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                 PLUMBING SYSTEMS                   

Consumer Product Safety Commission

Tap Water Scalds

Document #5098


Each year, approximately 3,800 injuries and 34 deaths occur in the home due to scalding from excessively hot tap water. The majority of these accidents involve the elderly and children under the age of five. The U.S. Consumer Product Safety Commission (CPSC) urges all users to lower their water heaters to 120 degrees Fahrenheit. In addition to preventing accidents, this decrease in temperature will conserve energy and save money.

Most adults will suffer third-degree burns if exposed to 150 degree water for two seconds. Burns will also occur with a six-second exposure to 140 degree water or with a thirty second exposure to 130 degree water. Even if the temperature is 120 degrees, a five minute exposure could result in third-degree burns.

Various procedures for lowering water temperature in the home exist, depending on the method of heating. Here are some suggestions:

Electric water heaters. Call your local electric company to adjust the thermostat. Some companies offer this service at no-charge. Hot water should not be used for at least two hours prior to setting. To make the adjustment yourself, start by shutting off current to the water heater, then turn off the circuit breaker to the heater or remove the fuse that serves the heater. Most electric water heaters have two thermostats, both of which must be set to a common temperature for proper operation. To reach these thermostats you must remove the upper and lower access panels. Adjust the thermostat following the instructions provided with the appliance. Hold a candy or meat thermometer under the faucet to check water temperature.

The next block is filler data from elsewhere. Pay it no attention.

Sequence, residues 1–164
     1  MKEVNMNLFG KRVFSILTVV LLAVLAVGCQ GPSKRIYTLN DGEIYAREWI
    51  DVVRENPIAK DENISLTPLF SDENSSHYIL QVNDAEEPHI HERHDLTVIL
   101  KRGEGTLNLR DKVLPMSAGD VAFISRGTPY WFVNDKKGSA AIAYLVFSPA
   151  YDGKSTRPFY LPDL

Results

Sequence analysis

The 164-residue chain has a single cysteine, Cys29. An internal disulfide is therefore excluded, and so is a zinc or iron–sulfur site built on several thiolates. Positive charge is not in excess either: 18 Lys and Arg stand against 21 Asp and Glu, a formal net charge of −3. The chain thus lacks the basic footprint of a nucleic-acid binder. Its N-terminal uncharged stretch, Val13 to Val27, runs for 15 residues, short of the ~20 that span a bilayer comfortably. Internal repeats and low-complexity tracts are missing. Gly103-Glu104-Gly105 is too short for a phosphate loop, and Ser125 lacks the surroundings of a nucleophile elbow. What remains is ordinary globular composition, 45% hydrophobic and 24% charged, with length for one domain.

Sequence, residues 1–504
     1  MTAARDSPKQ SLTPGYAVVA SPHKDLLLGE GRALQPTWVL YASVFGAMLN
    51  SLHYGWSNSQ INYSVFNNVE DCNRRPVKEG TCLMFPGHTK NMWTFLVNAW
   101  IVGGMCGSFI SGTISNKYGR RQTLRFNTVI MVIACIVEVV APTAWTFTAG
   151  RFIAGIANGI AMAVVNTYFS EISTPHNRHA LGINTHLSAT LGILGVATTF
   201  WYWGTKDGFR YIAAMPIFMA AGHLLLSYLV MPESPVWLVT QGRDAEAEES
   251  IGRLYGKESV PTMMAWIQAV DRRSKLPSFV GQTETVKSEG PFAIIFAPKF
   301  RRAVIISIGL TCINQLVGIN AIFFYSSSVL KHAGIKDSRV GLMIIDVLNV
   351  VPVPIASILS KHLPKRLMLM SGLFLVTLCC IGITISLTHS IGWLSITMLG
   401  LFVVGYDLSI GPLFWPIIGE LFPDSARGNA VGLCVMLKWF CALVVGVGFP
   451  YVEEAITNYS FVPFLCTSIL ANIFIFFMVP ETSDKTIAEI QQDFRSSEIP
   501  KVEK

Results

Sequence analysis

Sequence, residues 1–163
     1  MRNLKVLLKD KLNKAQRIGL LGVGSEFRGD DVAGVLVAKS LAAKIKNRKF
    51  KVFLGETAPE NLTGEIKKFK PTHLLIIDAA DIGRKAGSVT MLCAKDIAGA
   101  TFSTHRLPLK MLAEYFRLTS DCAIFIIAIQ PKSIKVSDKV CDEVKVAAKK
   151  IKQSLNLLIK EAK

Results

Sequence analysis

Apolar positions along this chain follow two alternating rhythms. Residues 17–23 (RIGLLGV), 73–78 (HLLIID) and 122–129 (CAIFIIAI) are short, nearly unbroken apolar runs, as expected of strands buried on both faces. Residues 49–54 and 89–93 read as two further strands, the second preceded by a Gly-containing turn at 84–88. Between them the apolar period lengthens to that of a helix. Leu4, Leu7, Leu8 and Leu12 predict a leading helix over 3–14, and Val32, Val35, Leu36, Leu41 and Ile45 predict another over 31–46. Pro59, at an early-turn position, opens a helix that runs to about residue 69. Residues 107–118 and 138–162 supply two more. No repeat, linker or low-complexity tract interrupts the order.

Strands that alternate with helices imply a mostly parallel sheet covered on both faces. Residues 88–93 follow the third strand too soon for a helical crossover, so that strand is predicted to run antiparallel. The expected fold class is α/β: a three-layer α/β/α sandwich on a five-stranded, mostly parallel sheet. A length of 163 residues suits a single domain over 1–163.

Gas water heaters. Because thermostats differ, call your local gas company for instructions. Where precise temperatures are not given, hold a candy or meat thermometer under faucet for most accurate reading first thing in the morning or at least two hours after water use. If reading is too high, adjust thermostat on heater, according to manufacturers instructions, and check again with thermometer.

Furnace heater. If you do not have an electric, gas, or oil-fired water heater, you probably have an on-line hot water system. Contact your fuel supplier to have the temperature lowered. If you live in an apartment, contact the building manager to discuss possible options for lowering your tap water temperature. Reducing water temperature will not affect the heating capacity of the furnace.

The CPSC notes that a thermostat setting of 120 degrees Fahrenheit (49 degrees Celsius) may be necessary for residential water heaters to reduce or eliminate the risk of most tap water scald injuries. Consumers should consider lowering the thermostat to the lowest settings that will satisfy hot water needs for all clothing and dish washing machines.